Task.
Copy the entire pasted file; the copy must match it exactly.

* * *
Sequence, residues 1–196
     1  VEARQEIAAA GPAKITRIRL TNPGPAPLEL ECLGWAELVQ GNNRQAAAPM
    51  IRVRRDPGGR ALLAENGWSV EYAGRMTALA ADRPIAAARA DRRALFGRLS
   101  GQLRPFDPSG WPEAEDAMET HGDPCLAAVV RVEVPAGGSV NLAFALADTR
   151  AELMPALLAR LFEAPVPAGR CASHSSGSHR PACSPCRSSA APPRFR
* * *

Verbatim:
Sequence, residues 1–196
     1  VEARQEIAAA GPAKITRIRL TNPGPAPLEL ECLGWAELVQ GNNRQAAAPM
    51  IRVRRDPGGR ALLAENGWSV EYAGRMTALA ADRPIAAARA DRRALFGRLS
   101  GQLRPFDPSG WPEAEDAMET HGDPCLAAVV RVEVPAGGSV NLAFALADTR
   151  AELMPALLAR LFEAPVPAGR CASHSSGSHR PACSPCRSSA APPRFR